What can I do if my bank doesn't respond to my complaint?

Banks receive a lot of complaints and sometimes things can fall through the cracks. If you’ve made a complaint with your bank and they haven’t responded, don’t despair. You have some options to make sure your complaint gets heard. You could make a complaint using Ajust, or escalate your complaint to the ombudsman.

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What’s the issue?

My bank hasn’t responded to my complaint

Despite banks having well-oiled customer service systems in place, sometimes things don’t go to plan. The good news is it’s easy to understand what you can expect as a consumer because the banks must adhere to clear guidelines outlined by regulatory bodies.

If you’ve already made a complaint to your bank and they haven’t responded, one option you have is to escalate your complaint to the Australian Financial Complaints Authority (AFCA). AFCA (the banking ombudsman) has the authority to independently review your complaint to ensure you get a fair outcome. 

It’s important to note that AFCA won’t be able to help if you haven’t already tried to resolve your issue directly with your bank. You need to give your bank the opportunity to resolve your complaint prior to escalating to AFCA.

If you haven’t yet made your complaint to the bank, one option to consider is using Ajust. Ajust makes it easy to create your complaint and ensures it gets sent to the right people so that your complaint gets heard. Take a look at Ajust’s guide to banking complaints for more information about how you can use Ajust to resolve your issue.

What do you need to know?

Bank obligations and response timelines

Each bank is required to have a complaint handling process, referred to as the internal dispute resolution process (IDR). The IDR process might look slightly different from bank to bank however the requirements (including complaint response times) are the same. These timeframes are regulated under Regulation Guide 271.

When you lodge a complaint, your bank is required to acknowledge receipt within 1 business day. They aren’t required to propose a solution at this stage so this is often a system generated email that simply states that your complaint was received. If you lodged your complaint via phone, the bank would have verbally acknowledged receipt during the call.

There are several categories used by the banks to make sure your complaint gets handled correctly, in the right timeframe. Here are two common categories:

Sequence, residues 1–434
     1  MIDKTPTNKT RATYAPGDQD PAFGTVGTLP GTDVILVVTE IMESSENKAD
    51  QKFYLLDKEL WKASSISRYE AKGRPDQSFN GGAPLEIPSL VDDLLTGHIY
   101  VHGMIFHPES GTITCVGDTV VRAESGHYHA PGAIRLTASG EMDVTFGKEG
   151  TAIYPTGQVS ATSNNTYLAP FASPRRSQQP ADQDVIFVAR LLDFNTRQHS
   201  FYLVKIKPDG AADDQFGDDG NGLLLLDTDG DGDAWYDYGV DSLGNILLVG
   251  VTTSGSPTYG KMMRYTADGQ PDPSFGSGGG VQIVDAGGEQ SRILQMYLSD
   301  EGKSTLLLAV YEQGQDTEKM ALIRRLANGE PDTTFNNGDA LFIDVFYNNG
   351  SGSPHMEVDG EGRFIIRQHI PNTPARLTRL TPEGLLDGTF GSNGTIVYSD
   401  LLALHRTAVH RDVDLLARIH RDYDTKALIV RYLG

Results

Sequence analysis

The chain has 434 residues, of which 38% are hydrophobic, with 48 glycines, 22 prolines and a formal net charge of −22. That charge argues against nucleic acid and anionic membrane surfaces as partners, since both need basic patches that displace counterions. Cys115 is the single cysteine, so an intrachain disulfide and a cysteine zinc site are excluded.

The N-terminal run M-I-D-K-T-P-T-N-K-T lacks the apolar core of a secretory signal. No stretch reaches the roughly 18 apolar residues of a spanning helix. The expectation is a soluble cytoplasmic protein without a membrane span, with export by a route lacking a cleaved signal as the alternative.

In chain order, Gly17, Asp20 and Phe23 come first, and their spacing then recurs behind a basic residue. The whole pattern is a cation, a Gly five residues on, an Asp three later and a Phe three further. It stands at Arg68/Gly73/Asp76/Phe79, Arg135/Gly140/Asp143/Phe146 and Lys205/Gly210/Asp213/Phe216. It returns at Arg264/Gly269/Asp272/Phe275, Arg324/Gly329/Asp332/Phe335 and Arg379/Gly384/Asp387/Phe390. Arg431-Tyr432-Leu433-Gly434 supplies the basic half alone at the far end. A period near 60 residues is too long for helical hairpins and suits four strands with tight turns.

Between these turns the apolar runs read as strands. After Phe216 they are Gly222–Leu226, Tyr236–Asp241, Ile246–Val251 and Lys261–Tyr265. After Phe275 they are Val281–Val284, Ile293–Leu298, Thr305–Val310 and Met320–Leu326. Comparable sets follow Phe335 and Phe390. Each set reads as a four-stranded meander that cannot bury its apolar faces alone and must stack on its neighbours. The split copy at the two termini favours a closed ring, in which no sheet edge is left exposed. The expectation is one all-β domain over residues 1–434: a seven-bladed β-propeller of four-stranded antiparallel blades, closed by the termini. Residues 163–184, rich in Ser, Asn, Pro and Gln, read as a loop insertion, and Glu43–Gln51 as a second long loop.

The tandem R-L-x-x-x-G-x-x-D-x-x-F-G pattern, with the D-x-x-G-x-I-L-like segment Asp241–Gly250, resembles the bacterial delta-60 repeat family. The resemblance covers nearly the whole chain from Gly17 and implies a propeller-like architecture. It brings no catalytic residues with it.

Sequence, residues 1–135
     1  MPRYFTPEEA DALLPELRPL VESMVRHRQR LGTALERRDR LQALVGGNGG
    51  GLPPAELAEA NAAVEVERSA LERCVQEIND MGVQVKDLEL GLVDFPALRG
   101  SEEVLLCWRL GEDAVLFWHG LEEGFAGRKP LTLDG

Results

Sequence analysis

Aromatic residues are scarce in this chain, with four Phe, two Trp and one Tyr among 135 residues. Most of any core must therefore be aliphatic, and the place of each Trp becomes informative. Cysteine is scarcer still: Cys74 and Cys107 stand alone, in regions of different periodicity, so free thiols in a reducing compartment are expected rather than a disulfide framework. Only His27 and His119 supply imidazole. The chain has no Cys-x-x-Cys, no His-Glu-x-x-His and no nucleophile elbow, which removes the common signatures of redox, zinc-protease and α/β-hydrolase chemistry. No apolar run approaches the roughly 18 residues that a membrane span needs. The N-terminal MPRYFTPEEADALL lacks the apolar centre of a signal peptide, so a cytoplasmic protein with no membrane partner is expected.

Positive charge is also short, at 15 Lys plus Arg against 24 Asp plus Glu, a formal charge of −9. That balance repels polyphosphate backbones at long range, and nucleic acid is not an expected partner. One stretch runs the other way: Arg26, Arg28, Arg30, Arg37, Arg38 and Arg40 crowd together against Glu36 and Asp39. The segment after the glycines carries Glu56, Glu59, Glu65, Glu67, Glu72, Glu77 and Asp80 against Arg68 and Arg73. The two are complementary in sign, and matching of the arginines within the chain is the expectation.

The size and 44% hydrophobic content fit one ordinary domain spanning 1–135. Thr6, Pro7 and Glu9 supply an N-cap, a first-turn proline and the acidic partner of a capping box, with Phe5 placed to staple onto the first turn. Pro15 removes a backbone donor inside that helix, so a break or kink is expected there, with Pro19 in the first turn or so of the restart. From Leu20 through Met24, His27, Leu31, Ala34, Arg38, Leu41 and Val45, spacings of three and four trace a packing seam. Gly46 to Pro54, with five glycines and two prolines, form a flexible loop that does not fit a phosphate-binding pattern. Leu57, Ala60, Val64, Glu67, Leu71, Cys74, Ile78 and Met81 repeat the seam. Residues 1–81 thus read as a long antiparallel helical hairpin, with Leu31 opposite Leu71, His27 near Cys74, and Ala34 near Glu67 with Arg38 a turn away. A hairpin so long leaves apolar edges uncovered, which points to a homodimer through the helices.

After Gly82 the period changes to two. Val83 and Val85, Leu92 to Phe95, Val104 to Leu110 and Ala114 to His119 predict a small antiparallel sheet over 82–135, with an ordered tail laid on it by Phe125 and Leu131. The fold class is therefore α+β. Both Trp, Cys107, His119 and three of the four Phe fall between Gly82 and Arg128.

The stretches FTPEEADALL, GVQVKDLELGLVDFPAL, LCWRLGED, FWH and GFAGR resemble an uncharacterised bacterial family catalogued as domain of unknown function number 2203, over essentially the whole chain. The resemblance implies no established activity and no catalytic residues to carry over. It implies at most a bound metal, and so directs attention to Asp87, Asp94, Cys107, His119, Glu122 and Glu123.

1. The majority of complaints are considered Standard Complaints which the banks have 30 days to respond to. We understand that seems like a long time but we often see that banks respond much quicker than that.
  2. If your complaint is credit-related (e.g. a credit card default notice or hardship notice), your bank is required to respond within 21 days.
Just a bit more

Banks are required to have a formal complaint handling process, known as the Internal Dispute Resolution process (or IDR for short). When your bank responds to your complaint, there’s what they’re required to include:

  • Confirmation that the bank’s IDR process has finished 
  • The final outcome of your complaint
  • Information about your right to lodge your complaint with AFCA if you are unhappy with the bank’s decision
  • AFCA’s contact details
  • Information to help you understand any time limits that might impact your ability to lodge your complaint
What can you do?

I haven’t received a response but less than 30 days have passed

If less than 30 days have passed since you lodged your complaint, there are some options you could consider.

If you’re feeling patient, you can wait until 30 days have passed. It’s highly likely that you will receive your bank’s IDR response within that time frame. We understand that this might be frustrating, but the bank is allowed to take this time to properly respond to your complaint. Sometimes banks might need to conduct internal investigations before providing a response to you.

If you’d like to try to accelerate the response time, one option can try is to contact your bank. If your bank has customer advocates, this could be a great time to ask for their support. Customer advocates are generally independent within the bank and can advocate on your behalf for a fair (and sometimes faster) outcome.

If you do choose to contact your bank, be sure to include any and all information that you think is relevant to your complaint. While there is no guarantee that this will speed things up, any additional information you provide will be considered.

It’s been more than 30 days and I haven’t heard anything

If it’s been more than 30 days since you made a complaint, one option you could consider is escalating your complaint to AFCA. AFCA is the banking ombudsman and has the authority to independently review your complaint and instruct your bank to act. AFCA will liaise with you and your bank to understand what’s gone wrong to help you get a fair outcome to your complaint.

Please remember that AFCA can’t look into your complaint unless you’ve first tried to resolve it directly with your bank. If you haven’t already tried to resolve your complaint with the bank, AFCA will direct you and your bank to speak to each other first. If you are then unable to reach a resolution that you are satisfied with, AFCA will be able to take a look.

At the moment, Ajust isn’t able to escalate complaints to AFCA, so you will have to do it yourself. If you’re ready to escalate your complaint to AFCA, visit their page to understand the process.


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